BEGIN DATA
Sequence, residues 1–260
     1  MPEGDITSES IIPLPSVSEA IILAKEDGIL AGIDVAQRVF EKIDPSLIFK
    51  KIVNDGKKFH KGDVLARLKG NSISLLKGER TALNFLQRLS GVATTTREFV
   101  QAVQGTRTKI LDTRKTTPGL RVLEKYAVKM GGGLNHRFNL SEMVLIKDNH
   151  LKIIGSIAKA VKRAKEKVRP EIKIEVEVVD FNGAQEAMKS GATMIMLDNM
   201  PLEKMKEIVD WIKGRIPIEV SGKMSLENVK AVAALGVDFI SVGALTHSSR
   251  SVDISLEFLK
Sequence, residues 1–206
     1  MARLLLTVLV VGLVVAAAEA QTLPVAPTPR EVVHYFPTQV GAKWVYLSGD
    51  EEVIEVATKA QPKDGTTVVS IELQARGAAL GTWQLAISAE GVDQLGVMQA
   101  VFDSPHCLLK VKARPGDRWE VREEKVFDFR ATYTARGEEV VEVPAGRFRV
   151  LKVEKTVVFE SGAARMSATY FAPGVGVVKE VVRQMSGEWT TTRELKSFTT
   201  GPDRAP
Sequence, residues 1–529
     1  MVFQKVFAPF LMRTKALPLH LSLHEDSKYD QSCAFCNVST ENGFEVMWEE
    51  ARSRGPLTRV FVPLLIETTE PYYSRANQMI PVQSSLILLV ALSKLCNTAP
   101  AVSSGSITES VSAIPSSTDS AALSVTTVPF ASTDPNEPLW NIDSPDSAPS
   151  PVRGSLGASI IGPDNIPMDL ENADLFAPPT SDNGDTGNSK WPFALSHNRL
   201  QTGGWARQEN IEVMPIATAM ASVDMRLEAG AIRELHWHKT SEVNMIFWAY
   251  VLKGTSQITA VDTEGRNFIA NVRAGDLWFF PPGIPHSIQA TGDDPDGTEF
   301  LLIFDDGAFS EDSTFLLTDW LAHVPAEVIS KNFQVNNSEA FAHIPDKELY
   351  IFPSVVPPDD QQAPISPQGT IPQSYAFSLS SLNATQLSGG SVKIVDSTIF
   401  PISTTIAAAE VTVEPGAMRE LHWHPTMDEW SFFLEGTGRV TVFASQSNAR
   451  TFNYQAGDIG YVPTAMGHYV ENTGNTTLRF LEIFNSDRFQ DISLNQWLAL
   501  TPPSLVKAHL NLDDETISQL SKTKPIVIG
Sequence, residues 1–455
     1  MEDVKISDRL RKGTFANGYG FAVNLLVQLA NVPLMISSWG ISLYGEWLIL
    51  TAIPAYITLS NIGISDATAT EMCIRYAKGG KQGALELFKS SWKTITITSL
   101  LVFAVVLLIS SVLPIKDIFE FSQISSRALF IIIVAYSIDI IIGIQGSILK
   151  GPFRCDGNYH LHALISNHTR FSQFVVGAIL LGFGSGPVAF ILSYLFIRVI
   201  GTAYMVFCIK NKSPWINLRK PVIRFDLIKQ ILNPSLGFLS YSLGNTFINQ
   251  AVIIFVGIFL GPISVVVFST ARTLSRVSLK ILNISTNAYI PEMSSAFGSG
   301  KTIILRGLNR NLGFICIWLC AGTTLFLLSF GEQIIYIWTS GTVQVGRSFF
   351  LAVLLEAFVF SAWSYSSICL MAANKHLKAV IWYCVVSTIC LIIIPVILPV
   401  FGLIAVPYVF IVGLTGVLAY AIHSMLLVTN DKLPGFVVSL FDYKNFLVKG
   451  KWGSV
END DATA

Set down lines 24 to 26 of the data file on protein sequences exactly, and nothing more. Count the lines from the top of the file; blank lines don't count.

   451  TFNYQAGDIG YVPTAMGHYV ENTGNTTLRF LEIFNSDRFQ DISLNQWLAL
   501  TPPSLVKAHL NLDDETISQL SKTKPIVIG
Sequence, residues 1–455